LONDON — The last moose in Britain was killed more than 1,000 years ago. Now a pair of these mighty yet myopic critters have been reintroduced to Scotland, a fact which allows pundits here to segue smoothly into discussions of Sarah Palin and the U.S. presidential campaign. The British are hooked on our election.
The reason? Prime Minister Gordon Brown is beige — intelligent but as vivacious as a herring and as exciting as a wet Monday morning. There hasn't been a decent sex scandal for years. Peeved Blairites in the Labor Party are trying to oust Brown, since his polls are down to George W. Bush levels. Still, the nation yawns. No wonder they gaze across the Atlantic to where a daily hissy fit over terrorism and lipstick on four-legged animals is pretty much guaranteed.
Of course, there are good reasons for the British to pay attention. We're choosing the Leader of the Free World, after all. Plus, the winner will determine if the United States finally takes on climate change, and if we decide to get in a shooting match with Russia or Iran. These do involve our loyal ally, the United Kingdom. But I don't think people here are engrossed by our baroque campaigns principally because of their geopolitical impact. No, it's because Indecision 2008 strongly resembles reality TV. After all, the UK gave us Survivor, Big Brother and Simon Cowell. There's the half-white, half-black Hawaiian with the posh education and the smart suits. There's the gun-toting Alaskan anti-sex education Christian with the pregnant teenage daughter. There's the war hero who seems to be getting a little confused lately (pigs? pit bulls?), and the sullen power couple who'd like to vote everybody else off the island. I smell hit!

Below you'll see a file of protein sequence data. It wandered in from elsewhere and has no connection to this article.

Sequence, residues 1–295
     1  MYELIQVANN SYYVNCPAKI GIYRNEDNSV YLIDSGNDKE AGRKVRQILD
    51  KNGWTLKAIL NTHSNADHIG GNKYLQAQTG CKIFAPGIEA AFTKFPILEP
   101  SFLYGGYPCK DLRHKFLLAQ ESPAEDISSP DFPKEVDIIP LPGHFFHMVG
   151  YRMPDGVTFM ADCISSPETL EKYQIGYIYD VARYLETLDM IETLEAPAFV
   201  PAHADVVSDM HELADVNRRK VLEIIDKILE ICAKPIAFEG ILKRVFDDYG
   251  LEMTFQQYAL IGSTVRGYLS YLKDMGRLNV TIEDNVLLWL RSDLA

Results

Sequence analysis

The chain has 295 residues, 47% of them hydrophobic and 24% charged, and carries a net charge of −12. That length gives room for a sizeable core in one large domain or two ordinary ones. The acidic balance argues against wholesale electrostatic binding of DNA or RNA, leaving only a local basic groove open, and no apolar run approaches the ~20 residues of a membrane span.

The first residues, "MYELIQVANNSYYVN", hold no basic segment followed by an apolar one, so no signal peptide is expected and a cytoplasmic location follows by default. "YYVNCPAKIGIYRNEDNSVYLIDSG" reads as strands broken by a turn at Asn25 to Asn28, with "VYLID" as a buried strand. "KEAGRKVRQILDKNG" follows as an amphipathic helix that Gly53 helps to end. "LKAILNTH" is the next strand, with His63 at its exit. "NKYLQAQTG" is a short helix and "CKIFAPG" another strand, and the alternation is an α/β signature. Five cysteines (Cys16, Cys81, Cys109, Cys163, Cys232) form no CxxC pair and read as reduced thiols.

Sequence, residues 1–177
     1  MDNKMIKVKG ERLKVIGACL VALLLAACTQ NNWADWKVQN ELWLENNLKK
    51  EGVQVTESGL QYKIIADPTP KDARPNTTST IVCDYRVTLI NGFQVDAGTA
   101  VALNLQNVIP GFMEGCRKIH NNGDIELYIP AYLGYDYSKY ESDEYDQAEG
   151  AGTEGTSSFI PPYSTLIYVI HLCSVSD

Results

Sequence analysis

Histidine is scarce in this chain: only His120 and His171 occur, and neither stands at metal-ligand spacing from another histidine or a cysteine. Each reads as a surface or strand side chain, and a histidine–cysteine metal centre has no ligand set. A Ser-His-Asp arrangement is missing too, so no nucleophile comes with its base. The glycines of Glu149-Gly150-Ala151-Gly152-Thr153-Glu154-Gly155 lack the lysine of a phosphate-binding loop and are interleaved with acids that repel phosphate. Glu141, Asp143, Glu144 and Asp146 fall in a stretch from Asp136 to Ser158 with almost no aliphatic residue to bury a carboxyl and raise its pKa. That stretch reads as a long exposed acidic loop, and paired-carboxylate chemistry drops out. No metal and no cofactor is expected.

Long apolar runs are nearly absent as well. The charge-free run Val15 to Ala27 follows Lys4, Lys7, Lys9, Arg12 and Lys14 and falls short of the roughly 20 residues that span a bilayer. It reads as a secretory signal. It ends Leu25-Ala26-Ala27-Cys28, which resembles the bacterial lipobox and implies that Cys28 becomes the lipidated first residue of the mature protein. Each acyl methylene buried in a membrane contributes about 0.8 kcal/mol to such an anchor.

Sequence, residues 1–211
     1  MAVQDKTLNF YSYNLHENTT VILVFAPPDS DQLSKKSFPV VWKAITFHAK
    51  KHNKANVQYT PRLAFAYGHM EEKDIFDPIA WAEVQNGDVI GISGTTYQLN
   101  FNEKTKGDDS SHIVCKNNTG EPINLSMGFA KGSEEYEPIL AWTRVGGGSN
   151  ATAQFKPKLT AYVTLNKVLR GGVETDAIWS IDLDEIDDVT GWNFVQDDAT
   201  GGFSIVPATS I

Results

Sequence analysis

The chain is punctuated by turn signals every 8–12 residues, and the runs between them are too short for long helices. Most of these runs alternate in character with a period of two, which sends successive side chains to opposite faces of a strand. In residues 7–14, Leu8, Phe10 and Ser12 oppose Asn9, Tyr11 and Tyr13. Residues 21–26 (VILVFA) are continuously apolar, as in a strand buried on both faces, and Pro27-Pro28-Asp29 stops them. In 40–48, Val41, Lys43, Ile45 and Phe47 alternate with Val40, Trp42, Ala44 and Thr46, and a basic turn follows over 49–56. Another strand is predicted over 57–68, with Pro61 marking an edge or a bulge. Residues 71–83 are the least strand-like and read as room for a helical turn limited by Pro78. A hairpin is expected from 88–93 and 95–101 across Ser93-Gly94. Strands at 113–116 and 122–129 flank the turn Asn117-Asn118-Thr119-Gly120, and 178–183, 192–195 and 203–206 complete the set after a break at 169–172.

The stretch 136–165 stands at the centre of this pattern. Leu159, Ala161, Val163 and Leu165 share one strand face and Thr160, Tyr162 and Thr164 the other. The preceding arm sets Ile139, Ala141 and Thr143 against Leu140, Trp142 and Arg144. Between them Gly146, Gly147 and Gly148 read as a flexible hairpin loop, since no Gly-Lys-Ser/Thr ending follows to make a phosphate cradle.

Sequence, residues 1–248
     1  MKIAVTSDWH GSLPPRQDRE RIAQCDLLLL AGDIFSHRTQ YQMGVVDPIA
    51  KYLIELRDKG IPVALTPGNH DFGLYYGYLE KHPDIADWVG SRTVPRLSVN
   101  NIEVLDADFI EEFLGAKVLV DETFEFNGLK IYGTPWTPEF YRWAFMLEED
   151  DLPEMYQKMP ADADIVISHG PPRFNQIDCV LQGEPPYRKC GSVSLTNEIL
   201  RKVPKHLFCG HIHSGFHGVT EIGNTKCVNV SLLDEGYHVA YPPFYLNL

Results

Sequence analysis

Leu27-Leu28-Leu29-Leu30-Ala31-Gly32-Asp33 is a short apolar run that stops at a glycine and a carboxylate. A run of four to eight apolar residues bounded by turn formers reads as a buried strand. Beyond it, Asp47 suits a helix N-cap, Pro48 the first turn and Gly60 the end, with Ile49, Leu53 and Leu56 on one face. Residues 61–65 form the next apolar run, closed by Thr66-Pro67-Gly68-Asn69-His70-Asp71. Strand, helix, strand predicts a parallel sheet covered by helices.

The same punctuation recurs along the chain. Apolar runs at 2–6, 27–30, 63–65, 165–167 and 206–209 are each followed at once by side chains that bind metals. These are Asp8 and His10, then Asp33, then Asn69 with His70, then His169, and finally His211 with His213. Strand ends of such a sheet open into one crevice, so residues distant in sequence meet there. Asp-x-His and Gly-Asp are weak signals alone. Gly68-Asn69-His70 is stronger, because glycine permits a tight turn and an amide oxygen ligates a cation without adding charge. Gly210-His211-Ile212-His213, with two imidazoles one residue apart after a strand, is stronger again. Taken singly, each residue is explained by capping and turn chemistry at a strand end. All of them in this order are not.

The tabloid newspapers aren't ideological about this, just gleeful over our weird psychodrama. The so-called "quality" media are more sober. The majority of people across the Atlantic seem to want Barack Obama to win. Not because he's a "liberal" or a Democrat — distinctions between the two U.S. parties are far from clear in Europe where Communists, Nationalists, Christian Socialists, Conservatives and Greens inhabit the same parliaments — but because he represents the optimistic promise of America, appealing not to prejudice and fear but tolerance and hope.
However, British fans of Obama realize that the more openly they favor him, the more it triggers American xenophobia. In 2004, London's Guardian newspaper asked readers to write to citizens of the swing state of Ohio, pleading with them to vote for John Kerry. This irritated people something rotten, as if the abominable Redcoats meant to recolonize us. Recently the Guardian columnist and Americanophile Jonathan Freedland expressed hope that Obama would prevail in 2008, since he might "treat alliances and global institutions seriously." Other nations could then go back to admiring the United States. Freedland warned that electing McCain will mean Americans are "turning their backs on the rest of the world, choosing to show us four more years of the Bush-Cheney finger."
Yet for some Americans, international condemnation is simply evidence of our divine righteousness. And no one is allowed to "interfere." Republicans have been fussing that Gordon Brown "endorsed" Obama by praising his plan to prevent home foreclosures. I guess they forgot about 1992, when John Major reportedly allowed rummaging through Home Office files, trying to dig up damaging information on Bill Clinton's Oxford days. Or that Margaret Thatcher made no secret of her strong preference for Ronald Reagan in 1984.
We must realize that we are part of the world. Markets are global, security matters are global, communications are global. We are not God's special favorites. Lucky, yes. Rich, still. But everyone, not just American citizens, has a stake in the fate of America.
Maybe we need to get out more.
Diane Roberts, a former Times editorial writer, is spending the fall in London.